Where the amount of core materialowing up lthe skin material feed channel is limited by preventing movement of the skin material injection ram away from the feed channel end vof the skin material injection barrel, this movement may be prevented-by applying to thev skin material injection ram a higher pressure than the highest pressure applied to the core material-injection ram during core material injection. In, such a case Where it .is not desired to cause the skin injection ram to move forward during core material injection, `it will be necessary to provide a limit stop against which the skin material injec- ,tion ram abuts to prevent forward movement of the injection ram under the higher pressure applied thereto.

The starting condition, i.e. with the sprue channel end of the core material feed channel lled with skin material,

may conveniently be achieved by injecting a further quantity ofskin material after injecting the core material.

tity of skin material. An alternative method of injecting the further amount of skin material, when using a screw skin injection ram capable of rotational and reciprocating movement, is, at the end of the injection of the first charge of skin material, or at the end of injection of the core material if the skin injection ram is forced forwards during core material injection, to provide that the skin injection ram is prevented for moving further forward, for example by abutment with a stop, and then to rotate the screw veyed that a further quantity of skin material is screw-conveyed to the feed channel end of the skin material injection ram and, since the ram is under pressure, such that it will not be forced backwards, the further quantity of skin material is forced into the feed channel and injected. Injection of the further quantity of skin material hasthe additional advantage that a small amount of skin material will be injected into the mould to within the core material and so, on removal of the moulded article from the mould cavity and on removal of the sprue, i.e. the material moulded in the sprue channel, from the article, the exposed sprue area of the moulding will consist essentially of skin material, with only a narrow annulus of exposed core material. This annulus may in fact be made so narrow, e.g. by heating the sprue channel and/or the use of high injection rates, that it is virtually invisible.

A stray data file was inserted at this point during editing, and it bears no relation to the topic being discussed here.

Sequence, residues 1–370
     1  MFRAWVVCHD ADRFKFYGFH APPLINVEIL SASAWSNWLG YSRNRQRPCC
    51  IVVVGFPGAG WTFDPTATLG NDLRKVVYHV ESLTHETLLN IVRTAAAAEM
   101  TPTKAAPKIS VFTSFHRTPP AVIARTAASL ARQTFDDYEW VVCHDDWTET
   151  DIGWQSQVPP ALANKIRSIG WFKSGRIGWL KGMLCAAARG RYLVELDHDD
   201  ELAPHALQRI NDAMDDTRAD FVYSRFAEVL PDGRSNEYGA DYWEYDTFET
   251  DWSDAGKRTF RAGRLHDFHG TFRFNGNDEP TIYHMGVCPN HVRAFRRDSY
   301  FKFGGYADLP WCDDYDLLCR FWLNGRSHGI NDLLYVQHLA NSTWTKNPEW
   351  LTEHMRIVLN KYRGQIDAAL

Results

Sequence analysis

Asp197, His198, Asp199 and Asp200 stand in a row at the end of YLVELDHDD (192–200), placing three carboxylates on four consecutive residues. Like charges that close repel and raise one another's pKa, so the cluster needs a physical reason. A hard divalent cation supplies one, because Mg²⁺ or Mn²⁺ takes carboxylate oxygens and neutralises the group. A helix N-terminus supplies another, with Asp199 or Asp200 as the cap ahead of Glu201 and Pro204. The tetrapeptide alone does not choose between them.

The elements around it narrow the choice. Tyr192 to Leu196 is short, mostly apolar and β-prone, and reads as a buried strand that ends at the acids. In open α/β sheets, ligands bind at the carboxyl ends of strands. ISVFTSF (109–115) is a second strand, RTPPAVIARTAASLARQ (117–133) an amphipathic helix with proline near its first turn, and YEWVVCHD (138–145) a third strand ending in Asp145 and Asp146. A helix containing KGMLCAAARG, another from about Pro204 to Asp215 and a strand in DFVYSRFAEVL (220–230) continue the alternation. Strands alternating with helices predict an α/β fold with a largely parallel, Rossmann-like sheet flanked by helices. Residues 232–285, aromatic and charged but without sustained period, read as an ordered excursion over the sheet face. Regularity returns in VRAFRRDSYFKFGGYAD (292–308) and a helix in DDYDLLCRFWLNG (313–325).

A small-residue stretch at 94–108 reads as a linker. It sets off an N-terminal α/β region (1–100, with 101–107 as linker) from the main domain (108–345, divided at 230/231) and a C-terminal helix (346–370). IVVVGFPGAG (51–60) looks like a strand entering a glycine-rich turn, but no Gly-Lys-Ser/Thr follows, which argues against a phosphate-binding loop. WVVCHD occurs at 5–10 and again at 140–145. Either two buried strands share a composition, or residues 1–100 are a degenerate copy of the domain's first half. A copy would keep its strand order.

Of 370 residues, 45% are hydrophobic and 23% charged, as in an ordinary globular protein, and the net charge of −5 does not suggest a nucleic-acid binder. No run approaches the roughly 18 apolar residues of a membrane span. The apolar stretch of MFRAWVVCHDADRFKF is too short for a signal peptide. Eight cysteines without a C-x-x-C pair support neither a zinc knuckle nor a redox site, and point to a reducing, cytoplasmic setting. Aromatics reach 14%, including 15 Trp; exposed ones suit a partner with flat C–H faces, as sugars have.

After injection of the skin and core materials, the mould cavity is preferably isolated from the feed channels, and also, preferably, the skin and core material injection barrels are isolated from each other, by operating one or more suitably positioned shut off taps. This enables the moulding to be removed from the mould cavity and the injection units returned to the starting position for the next moulding cycle without the necessity of freezing olf the material in the feed channels. Where the feed channels are isolated from each other, the skin and core material injection units can be returned to their starting positions independently of each other without disturbing the position of the interface of the skin and the core materials. A single tap may be provided at the junction of the feed channels and the sprue channel or, alternatively, separate taps may be provided in each feed channel.

As mentioned hereinbefore, it is possible to commence injection of core material before injection of skin material is completed.

It will be appreciated that the time during which both materials are being injected i.e. the time of overlap of injection, may be varied at will. Thus the overlap time may vary from no overlap (indeed there may be, if desired, a pause between injection of skin material and injection of core material) to nearly the total skin material injection time. How large an overlap can be tolerated before the core material bursts through the skin material can readily be determined by simple experimentation. Some overlap is to be desired as this minimizes the formation of hesitation marks on the moulding which occur at the place on the surface where there is a marked deceleration followed by acceleration of the advancing melt front as the supply is switched from injection of core material.

Where there is overlap of injection of the skin and core materials and movement of the core material up the skin material feed channel is limited by preventing movement of the skin material injection ram away from the feed channel end of the skin material injection barrel, the backwards movement of the ram may be prevented by bringing the skin material injection ram to a halt, isolating the hydraulic supply to the skin material injection ram from that supplying the core material injection ram and applyingpressure from an accumulator pressurized to above a pressure above the highest pressure applied to the core material injection ram during core material injection to the skin material injection ram.